Automated External Defibrillators

April 19, 2016 | Aging Services Risk, Quality, & Safety Guidance

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A CCRMmember asked us about healthcare facilities' policies on resuscitation. See our response.

Cardiac arrest, or the sudden and abrupt loss of heart function, is a leading cause of death in the United States. According to the AHA, about 326,200 out-of-hospital cases of sudden cardiac arrests occur annually in the United States; fewer than 10% of those victims survive (Mozaffarian et al.). In one study of over 31,689 instances of out-of-hospital cardiac arrest that took place between October 2005 and December 2010, the U.S. Centers for Disease Control and Prevention found that 13.5% occurred at a nursing home or assisted-living facility (McNally et al.).

In about 40% of individuals suffering cardiac arrest, the heart goes into an uncontrolled quivering pattern (i.e., fibrillation) that stops it from pumping (AHA "Lay Rescuer"). Because death can occur quickly, AHA recommends that defibrillation in these cases begin within three to five minutes in order to jolt the victim's heart with an electric shock and restore a normal heartbeat. For every minute that passes before regular heart rhythm is restored, the patient's survival chances are reduced—by 7% to 10% if no CPR is available and by 3% to 4% if bystander CPR is available. (AHA "Implementing an AED Program"; Morrison et al.)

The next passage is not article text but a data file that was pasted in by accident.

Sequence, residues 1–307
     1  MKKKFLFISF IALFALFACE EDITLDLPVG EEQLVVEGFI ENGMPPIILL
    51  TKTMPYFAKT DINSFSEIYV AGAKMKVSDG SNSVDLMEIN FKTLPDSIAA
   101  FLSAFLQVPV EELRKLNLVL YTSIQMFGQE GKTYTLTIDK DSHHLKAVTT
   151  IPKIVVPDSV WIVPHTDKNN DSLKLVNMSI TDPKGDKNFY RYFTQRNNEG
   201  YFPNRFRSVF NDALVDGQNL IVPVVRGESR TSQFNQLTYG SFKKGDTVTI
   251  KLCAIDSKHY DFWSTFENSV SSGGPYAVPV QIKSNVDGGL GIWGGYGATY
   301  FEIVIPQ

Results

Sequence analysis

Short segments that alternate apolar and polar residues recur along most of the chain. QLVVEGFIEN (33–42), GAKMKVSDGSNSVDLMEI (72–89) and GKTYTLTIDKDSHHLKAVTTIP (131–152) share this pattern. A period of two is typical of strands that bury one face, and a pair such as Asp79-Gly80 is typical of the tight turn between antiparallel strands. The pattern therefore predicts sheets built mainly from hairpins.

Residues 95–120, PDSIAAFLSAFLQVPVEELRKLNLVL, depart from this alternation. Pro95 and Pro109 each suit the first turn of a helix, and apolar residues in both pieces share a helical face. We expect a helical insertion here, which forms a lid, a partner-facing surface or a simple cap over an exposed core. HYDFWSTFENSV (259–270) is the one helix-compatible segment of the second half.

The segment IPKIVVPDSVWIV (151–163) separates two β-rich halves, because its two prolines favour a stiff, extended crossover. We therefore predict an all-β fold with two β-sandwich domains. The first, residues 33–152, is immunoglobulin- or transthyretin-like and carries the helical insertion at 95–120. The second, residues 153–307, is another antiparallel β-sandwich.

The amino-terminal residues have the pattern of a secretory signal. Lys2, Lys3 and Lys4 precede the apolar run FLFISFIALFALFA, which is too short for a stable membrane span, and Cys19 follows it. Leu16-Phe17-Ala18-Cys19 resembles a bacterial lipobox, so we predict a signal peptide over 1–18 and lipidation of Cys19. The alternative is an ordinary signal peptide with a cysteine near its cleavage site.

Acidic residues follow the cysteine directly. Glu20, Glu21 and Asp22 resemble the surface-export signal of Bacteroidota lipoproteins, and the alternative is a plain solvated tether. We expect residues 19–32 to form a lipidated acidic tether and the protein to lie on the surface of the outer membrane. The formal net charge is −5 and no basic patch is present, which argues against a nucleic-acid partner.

AHA's combined 2010 and 2015 guidelines on emergency CPR stress the importance of using AEDs as a way to facilitate early defibrillation. In fact, AHA states that, in instances of witnessed cardiac arrest in which an AED is immediately available, defibrillation should be administered as soon as possible, as opposed to administering chest compressions first. (AHA "2015 Guidelines") Studies suggest that delays continue to occur in responding to cardiac arrest; the interval between activating the EMS system and EMS arrival is seven to eight minutes or longer on average. In an effort to speed responses to cardiac arrests, AHA recommends the deployment of public access defibrillation (PAD) programs enabling lay rescuers to perform CPR and use AEDs to deliver the necessary shock to perform defibrillations on cardiac arrest victims. (AHA "2015 Guidelines")

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